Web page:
Chicago Sun Times
A basic human right — the ability to fully participate in modern life via affordable, reliable, high-speed internet service — remains out of reach for many. The Biden administration recently announced it had reached agreements with 20 leading internet providers, covering more than 80 percent of Americans, to provide households eligible for the Affordable Connectivity Program (ACP) high-speed internet plans for no more than $30 a month. But are those that can receive the benefit getting what they need to enroll?
A new analysis by the University of Chicago has revealed vast differences in internet connectivity across Chicago (IL), with some neighborhoods reporting more than one-third of households offline. Researchers are now working to collect their own data to determine how the internet performs across neighborhoods, with the hope of influencing how $65 billion in federal funds to expand broadband access is distributed.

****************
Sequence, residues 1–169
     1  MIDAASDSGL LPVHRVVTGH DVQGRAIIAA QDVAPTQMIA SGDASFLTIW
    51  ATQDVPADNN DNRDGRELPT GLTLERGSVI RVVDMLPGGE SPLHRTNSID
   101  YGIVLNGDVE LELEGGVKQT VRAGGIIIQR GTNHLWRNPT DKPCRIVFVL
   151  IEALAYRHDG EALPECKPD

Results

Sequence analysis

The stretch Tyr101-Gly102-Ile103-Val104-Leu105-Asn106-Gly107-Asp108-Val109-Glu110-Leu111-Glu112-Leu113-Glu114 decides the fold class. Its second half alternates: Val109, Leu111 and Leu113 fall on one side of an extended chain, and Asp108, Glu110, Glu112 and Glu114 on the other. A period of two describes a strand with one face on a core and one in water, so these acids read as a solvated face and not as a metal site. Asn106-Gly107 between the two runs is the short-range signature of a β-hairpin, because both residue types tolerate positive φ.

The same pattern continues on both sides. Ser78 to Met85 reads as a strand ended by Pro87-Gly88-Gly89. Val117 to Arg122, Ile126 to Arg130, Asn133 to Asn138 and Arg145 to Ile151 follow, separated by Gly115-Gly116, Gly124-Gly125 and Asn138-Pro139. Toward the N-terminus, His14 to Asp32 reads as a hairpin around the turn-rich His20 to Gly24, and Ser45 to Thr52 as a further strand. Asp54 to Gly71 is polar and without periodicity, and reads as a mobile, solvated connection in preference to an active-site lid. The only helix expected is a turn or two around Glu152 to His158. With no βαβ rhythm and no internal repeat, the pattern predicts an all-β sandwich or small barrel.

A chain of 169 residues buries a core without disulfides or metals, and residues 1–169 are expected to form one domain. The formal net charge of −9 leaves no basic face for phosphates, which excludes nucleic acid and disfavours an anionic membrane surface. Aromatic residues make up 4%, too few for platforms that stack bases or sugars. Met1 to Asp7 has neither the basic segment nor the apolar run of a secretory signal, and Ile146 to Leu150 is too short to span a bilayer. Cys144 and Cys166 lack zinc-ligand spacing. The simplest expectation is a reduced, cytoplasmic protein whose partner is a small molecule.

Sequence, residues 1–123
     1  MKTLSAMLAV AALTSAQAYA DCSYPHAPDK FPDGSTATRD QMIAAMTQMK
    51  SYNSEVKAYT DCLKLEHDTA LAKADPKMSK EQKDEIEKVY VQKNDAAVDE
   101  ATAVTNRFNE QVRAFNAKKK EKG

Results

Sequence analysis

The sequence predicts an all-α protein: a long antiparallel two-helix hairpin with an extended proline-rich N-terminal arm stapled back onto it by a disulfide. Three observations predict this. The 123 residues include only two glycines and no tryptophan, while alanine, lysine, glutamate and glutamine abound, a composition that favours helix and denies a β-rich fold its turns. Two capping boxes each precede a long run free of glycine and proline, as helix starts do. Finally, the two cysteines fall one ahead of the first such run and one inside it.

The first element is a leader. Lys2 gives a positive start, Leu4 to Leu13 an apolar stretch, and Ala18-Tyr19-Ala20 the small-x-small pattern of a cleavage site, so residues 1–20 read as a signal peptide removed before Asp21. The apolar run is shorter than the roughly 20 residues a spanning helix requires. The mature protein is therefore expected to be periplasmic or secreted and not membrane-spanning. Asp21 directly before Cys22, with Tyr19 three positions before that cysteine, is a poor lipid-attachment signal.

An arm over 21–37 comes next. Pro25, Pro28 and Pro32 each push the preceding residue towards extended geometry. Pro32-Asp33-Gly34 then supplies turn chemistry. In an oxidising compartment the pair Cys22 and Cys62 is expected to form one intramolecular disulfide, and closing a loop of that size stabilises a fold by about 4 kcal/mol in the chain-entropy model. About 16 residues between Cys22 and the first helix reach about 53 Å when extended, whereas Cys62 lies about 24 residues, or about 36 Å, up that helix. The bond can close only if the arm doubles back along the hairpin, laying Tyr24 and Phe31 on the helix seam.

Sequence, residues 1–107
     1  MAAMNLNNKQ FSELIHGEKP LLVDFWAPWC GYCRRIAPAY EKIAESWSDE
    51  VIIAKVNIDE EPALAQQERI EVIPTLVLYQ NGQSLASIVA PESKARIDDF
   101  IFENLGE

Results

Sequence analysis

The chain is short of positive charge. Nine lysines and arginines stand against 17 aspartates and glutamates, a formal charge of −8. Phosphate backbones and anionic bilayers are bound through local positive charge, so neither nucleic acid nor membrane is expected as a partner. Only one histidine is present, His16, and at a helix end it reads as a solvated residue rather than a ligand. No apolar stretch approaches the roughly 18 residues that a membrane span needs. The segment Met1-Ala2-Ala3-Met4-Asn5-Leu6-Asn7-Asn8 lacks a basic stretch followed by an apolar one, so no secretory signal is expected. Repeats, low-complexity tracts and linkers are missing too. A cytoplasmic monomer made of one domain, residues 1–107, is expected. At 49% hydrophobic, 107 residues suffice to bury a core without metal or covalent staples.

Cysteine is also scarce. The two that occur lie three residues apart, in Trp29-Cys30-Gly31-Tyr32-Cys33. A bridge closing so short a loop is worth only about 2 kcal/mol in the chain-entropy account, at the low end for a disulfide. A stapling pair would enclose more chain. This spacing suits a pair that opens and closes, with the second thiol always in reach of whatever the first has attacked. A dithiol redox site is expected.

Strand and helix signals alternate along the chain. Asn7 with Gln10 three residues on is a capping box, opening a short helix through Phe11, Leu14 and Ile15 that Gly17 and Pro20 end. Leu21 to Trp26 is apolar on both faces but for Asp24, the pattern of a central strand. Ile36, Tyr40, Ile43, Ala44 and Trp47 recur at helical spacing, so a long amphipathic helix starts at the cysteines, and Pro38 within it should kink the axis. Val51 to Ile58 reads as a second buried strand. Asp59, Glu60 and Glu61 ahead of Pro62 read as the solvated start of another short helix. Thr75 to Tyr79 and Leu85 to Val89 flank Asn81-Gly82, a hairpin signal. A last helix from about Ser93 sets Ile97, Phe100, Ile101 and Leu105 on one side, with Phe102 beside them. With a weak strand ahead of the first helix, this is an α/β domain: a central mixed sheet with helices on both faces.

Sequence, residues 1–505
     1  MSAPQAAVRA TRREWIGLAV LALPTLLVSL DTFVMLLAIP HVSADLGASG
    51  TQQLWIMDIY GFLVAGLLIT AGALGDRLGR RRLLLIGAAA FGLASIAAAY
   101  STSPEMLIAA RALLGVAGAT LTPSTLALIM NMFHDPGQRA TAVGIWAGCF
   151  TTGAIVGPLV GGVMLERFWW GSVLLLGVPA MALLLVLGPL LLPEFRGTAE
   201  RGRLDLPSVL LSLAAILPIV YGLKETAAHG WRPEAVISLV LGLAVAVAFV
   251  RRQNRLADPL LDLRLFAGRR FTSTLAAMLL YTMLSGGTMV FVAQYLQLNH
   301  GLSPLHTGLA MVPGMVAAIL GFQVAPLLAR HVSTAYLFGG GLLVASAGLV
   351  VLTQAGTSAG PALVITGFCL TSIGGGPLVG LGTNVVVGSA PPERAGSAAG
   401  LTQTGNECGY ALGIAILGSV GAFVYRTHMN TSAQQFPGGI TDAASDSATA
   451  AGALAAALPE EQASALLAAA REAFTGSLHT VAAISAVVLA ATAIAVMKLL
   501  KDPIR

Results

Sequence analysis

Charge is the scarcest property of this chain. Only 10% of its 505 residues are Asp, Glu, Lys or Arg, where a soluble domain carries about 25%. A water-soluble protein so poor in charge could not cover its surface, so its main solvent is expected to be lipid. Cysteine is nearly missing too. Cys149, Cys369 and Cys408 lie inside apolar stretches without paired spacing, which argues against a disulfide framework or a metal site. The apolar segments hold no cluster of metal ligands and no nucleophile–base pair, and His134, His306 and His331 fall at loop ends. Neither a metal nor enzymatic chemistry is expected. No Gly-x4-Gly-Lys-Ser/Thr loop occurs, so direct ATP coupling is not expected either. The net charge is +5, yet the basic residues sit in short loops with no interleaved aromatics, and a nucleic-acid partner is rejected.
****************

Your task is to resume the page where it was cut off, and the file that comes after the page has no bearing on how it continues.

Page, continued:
I want to give your readers an update on the latest move by AT&T to push people off the traditional home phone service they have relied upon for decades. This past Sept, we began to field calls from worried landline customers, including seniors on fixed incomes, who were among an estimated 5,300 customers to receive a letter from AT&T with the blunt headline: “Your Lifeline discount ends November 20, 2018.” The letter referred to the federal Lifeline program, which offers a monthly credit of up to $11.75 for qualifying low-income customers.